Robert Butterfield

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Robert Butterfield (fl. 1629) was an English clergyman and controversialist.

Life[edit]

Butterfield received his education at Trinity College, Cambridge, where he proceeded B.A. in 1622-3, M.A. in 1626;[1] and then took holy orders.

Works[edit]

When the Puritan Henry Burton attacked Bishop Joseph Hall, Butterfield championed the bishop's cause in a pamphlet entitled 'Maschil; or, a Treatise to give instruction touching the State of the Church of Rome . . . for the Vindication of ... the Bishop of Exeter from the cavills of H. B., in his Book intituled "The Seven Vialls,"' 1629. Burton the same year published his 'Babel no Bethel. . . . In answer to Hugh Cholmley's Challenge and Rob. Butterfield's "Maschil," two masculine Champions for the Synagogue of Rome.' He retorts on Butterfield's desire to parade his classical and patristic learning, wishing him 'more ripenesse of yeares, and more soundnesse of judgement, before he doe any more handle such deepe controuersies.' Burton was sent to the Fleet Prison for his pamphlet.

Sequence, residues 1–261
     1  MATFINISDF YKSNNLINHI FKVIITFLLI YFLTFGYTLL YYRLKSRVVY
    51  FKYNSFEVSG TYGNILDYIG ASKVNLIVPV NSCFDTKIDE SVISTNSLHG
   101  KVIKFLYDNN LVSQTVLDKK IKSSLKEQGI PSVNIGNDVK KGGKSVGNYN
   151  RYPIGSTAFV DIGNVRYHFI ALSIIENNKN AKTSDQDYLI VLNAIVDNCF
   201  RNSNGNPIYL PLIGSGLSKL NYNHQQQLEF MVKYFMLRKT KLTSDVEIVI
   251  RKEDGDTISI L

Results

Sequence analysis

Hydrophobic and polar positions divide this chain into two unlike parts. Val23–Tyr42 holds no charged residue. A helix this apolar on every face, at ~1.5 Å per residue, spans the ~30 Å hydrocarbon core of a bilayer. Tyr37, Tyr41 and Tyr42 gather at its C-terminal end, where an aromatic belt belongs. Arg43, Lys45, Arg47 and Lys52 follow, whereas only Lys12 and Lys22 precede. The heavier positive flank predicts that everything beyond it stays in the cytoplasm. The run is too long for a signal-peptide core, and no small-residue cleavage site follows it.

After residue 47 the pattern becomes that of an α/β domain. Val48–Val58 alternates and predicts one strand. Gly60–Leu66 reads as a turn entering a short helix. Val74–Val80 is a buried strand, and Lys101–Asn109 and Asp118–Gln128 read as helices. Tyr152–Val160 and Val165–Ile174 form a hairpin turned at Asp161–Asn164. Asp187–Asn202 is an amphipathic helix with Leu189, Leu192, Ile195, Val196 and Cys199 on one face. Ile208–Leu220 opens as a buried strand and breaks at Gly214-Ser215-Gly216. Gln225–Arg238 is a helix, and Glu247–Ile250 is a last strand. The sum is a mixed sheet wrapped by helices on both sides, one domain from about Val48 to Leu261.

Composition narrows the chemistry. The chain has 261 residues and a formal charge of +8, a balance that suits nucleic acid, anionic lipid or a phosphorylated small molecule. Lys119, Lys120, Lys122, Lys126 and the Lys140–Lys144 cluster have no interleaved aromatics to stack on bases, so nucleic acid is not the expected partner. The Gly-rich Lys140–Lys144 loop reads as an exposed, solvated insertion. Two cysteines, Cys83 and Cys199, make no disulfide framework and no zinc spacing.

Another reply was published about the same time, under the title of 'Maschil Unmasked,' in which Thomas Spencer, author of The Art of Logick, abused Butterfield.

References[edit]

  1. ^ "Butterfield, Robert (BTRT622R)". A Cambridge Alumni Database. University of Cambridge. 
Attribution

 This article incorporates text from a publication now in the public domain"Butterfield, Robert". Dictionary of National Biography. London: Smith, Elder & Co. 1885–1900.